I also got to meet Wayne Hussey, the coordinator of NWBC, and found out he's a great person to talk to. His planning is good too. So things are falling into place as this event begins.

Highlights already:
Godzilla (okay, Mecha Godzilla)! At about 4 foot tall!
Titanic Titanic (at over ten feet in length)
Totem Pole
KeithLUG's layout!
War of the Worlds tripod

...and that's just a starter....

Wednesday, October 3, 2007

Thoughts here and there...

Well, the 9v announcement was released, and while sad, it wasn't very surprising. There have been many discussions about 9v and what its future iis, and to be honest, its future lies in the community.

I firmly believe that 9v will persevere. I am very interested to see what the LEGO Group is developing for the Power Functions system that will align with train, and am excited with the possibilities that will be opened. There are some challenges that will have to be addressed, but this too will be dealt with.

From my experience with PF motors and systems, I can see the potentials an limitations so far:

IR remote, with different channels.
NXT integration (which could possibly mean Bluetooth)
Multiple trains on single track
true building with a train set - there are no train motor trucks - you may have to build it!
Possible integration for lighting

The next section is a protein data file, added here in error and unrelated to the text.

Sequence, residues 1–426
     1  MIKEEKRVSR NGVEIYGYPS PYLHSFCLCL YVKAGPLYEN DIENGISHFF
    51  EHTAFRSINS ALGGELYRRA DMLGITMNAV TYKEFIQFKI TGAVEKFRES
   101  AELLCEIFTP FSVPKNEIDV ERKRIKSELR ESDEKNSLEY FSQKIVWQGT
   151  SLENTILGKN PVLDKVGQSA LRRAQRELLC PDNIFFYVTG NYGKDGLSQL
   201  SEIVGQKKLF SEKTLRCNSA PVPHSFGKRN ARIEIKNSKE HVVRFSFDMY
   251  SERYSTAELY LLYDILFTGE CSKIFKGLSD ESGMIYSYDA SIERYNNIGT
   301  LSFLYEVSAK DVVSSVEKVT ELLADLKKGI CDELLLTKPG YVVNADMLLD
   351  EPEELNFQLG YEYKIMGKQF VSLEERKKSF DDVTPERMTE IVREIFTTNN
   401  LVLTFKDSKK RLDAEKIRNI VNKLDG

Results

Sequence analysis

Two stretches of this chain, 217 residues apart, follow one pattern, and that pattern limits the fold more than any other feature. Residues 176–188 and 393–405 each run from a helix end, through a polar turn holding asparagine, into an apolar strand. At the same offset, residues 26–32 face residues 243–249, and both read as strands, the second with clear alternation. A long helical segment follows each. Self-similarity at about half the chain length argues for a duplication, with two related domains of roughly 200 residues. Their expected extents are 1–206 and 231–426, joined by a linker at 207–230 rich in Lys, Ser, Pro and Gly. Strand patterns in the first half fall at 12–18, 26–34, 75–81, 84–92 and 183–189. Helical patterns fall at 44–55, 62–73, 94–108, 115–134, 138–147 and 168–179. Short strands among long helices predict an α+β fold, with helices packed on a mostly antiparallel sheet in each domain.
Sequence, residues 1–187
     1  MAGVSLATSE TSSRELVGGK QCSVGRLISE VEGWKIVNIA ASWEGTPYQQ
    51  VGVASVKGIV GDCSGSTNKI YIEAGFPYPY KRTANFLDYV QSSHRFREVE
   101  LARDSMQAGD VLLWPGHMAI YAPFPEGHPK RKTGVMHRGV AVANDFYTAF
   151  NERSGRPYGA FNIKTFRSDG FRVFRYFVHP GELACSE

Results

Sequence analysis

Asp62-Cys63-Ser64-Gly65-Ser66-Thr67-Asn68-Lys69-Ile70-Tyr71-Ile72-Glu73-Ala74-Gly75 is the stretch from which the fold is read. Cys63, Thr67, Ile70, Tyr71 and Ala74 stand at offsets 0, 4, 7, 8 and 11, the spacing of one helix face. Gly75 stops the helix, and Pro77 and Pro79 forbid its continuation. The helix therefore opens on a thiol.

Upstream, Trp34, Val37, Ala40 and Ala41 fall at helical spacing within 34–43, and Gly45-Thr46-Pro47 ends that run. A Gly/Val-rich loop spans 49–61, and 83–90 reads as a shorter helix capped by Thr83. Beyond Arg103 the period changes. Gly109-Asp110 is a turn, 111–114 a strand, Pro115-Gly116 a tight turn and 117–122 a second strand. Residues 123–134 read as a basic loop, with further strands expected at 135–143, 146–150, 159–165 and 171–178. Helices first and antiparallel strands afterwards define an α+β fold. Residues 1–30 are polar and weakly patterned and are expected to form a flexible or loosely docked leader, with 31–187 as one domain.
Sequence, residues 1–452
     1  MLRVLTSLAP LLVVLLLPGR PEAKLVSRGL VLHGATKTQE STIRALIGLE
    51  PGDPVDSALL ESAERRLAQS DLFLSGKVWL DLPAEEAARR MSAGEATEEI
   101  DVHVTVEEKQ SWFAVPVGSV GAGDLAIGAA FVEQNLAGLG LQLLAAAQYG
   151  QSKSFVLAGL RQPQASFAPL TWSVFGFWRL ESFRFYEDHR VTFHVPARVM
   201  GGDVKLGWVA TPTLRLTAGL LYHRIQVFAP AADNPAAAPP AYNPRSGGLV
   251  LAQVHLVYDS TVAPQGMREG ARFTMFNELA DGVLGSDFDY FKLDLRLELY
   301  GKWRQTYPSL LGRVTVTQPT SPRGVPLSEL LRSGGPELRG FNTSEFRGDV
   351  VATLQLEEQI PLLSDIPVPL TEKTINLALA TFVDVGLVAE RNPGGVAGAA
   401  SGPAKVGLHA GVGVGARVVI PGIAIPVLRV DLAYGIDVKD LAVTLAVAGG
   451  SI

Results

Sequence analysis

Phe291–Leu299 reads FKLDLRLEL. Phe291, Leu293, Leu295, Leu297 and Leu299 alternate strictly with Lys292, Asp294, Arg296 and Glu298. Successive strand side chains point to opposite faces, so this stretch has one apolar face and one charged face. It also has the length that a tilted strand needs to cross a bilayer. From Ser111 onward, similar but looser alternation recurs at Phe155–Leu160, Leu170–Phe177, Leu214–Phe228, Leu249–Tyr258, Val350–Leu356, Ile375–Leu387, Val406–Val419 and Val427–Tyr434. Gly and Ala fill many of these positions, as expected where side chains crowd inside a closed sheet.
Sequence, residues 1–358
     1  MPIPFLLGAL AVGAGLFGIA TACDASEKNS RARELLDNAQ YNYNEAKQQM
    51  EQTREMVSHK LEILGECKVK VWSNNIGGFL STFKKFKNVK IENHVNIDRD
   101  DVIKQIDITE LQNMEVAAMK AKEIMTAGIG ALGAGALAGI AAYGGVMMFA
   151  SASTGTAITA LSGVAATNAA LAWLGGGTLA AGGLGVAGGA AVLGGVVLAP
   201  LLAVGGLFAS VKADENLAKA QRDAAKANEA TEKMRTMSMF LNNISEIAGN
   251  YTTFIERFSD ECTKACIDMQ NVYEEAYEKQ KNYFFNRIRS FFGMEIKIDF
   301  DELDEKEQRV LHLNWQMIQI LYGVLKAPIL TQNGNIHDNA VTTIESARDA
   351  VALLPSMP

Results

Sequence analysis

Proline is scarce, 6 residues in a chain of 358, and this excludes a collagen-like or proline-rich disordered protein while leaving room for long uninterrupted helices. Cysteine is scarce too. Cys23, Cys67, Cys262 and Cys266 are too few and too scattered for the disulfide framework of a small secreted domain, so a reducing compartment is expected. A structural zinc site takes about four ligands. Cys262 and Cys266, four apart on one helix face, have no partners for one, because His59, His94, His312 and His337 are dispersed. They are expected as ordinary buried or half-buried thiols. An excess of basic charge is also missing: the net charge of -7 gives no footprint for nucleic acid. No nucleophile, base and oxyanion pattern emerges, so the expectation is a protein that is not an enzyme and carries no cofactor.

IR remote:-) - line of sight challenges
Power - batteries is a definite limitation, with weight and available power.
Motor size - the smallest size now is almost too big for 9v train bodies.

The things that need to be looked at right now (and I am assuming they are looking at it, with the AFOL group) are the production things: There has to be a wheel setthat links to the PF motors in some way - the 9v motor is in a train truck...PF will most likely have a built solution or an adapter.

What I think is neat is that the motor system is becoming  a cross platform LEGO solution, which is a very welcome thing. It's a business-smart solution that can be a great long-term solution for electronics.

So I am looking forward to seeing what happens.

On other subjects, BrickJournal has been sent to the web publisher. So it's done (for me, anyways). And I am very happy with it. There are some neat things in it and an announcement in it:-)

And congratulations to the staff of Railbricks! They launched their magazine and yes, I got a copy. It's pretty good. It's nice to see other projects start. and I wish the best to them.

Now that BrickJournal's current issue is done, I can turn my attention to BrickJournal.com - there have been new things added to the web service that I have to sit down and figure out. There are some easy things, like live chat for members, and not so easy things, like creating data pipes for feeds that are multi lingual, which can be really cool! I have to take a good look at all of this first.

And I will be at NWBrickcon! With maybe one MOC. Sorry, I have been building something else:-)

I'm also trying to figure out NXT building. I got the new MINDSTORMS NXT Idea Book from No Starch Press, and am getting my way around the programming.

So new day, new things, new adventures!